A coworker asked me about "tests" from a programming practice perspective, "what's the big deal?". For me, writing tests is a very small price to pay to comfortably daring to change code without the fear of breaking it. Every bug I fix, even during the design phase, gives rise to at least one test.
No library or script is too small to have tests, here is a silly example (let's call it rootof.py):
#!/usr/bin/env python import argh def root_of(number=1.0): return number**0.5 def test_root_of(): assert root_of(4) == 2 assert abs(root_of(2) - 1.4142) < 1e-4 if __name__ == '__main__': argh.dispatch_command(root_of)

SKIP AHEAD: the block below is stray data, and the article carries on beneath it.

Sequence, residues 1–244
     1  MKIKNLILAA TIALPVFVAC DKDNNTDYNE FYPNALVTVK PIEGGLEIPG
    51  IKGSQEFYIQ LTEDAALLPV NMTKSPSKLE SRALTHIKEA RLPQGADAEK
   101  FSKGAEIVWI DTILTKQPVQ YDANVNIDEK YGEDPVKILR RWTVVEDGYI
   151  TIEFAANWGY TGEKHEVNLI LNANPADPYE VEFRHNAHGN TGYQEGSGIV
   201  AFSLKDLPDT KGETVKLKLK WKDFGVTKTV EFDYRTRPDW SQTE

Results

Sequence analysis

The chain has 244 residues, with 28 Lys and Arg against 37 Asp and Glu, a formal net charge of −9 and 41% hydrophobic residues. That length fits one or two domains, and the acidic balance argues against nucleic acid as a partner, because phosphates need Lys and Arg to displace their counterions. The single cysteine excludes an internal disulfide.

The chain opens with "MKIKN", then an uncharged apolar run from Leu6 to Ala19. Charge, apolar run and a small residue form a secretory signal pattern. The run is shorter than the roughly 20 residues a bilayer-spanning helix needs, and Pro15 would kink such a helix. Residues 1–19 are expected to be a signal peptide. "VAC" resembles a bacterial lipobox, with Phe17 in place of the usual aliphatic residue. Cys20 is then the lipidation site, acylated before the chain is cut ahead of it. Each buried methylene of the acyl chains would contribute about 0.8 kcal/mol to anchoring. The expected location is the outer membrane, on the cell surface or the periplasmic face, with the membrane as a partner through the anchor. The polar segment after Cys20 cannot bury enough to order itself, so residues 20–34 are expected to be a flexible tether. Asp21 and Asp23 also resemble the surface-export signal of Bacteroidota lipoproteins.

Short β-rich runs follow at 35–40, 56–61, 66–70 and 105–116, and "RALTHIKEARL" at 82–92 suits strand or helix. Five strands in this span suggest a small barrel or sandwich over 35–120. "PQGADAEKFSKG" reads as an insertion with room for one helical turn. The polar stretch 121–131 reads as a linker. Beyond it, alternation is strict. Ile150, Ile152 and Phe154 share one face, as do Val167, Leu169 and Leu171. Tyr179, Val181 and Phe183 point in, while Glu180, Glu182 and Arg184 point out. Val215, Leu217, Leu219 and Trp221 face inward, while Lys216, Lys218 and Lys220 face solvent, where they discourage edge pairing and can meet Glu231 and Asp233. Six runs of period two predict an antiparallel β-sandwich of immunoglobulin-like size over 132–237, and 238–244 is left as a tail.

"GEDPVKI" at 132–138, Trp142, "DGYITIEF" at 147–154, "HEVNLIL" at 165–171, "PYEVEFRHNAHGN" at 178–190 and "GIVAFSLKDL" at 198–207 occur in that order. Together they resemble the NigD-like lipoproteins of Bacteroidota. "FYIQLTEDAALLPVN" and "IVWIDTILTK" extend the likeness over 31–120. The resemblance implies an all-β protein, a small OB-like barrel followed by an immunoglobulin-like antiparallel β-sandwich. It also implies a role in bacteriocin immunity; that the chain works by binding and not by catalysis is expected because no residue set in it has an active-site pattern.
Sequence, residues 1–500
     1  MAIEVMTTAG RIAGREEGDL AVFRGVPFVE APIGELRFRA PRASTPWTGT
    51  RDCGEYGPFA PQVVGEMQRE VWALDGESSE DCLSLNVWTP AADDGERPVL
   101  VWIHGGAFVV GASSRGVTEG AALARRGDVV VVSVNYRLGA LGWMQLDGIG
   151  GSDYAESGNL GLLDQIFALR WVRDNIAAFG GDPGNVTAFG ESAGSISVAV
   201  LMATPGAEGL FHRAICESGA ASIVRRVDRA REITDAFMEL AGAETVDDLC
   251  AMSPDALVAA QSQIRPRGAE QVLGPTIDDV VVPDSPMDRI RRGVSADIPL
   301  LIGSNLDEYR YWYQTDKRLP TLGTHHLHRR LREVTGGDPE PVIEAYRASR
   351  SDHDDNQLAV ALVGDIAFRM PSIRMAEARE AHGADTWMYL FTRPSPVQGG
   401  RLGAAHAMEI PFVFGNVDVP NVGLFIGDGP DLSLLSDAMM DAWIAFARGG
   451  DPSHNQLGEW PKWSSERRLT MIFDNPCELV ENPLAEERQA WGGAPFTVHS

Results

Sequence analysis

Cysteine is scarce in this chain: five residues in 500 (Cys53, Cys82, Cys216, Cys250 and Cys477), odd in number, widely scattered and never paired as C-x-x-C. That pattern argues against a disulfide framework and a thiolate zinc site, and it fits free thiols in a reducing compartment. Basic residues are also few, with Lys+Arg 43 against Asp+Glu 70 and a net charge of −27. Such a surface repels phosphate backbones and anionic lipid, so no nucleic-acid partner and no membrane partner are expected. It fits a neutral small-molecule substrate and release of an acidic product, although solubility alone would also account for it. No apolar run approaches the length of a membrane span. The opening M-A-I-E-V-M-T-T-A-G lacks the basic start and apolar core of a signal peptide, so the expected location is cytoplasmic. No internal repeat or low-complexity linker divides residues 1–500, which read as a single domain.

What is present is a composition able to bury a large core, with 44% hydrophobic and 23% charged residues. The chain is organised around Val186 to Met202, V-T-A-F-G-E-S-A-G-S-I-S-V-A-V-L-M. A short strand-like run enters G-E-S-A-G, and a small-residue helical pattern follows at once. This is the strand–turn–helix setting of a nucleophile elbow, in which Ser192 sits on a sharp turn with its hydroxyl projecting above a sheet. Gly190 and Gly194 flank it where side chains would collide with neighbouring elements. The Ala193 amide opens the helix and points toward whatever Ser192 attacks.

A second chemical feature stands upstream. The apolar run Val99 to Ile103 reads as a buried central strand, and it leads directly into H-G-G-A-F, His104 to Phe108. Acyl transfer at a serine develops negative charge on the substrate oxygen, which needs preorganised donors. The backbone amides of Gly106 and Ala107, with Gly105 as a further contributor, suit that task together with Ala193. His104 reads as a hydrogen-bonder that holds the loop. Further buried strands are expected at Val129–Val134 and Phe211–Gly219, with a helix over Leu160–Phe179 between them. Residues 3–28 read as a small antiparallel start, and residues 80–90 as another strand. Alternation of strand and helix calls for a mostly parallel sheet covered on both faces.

The example is so short it's silly, but the point is that each time you edit rootof.py you should run
which should exit without errors. That's pretty much the gist of it. Happy testing!
P.S. if you don't have argh just install it by typing:
P.P.S if you don't have pip: see this.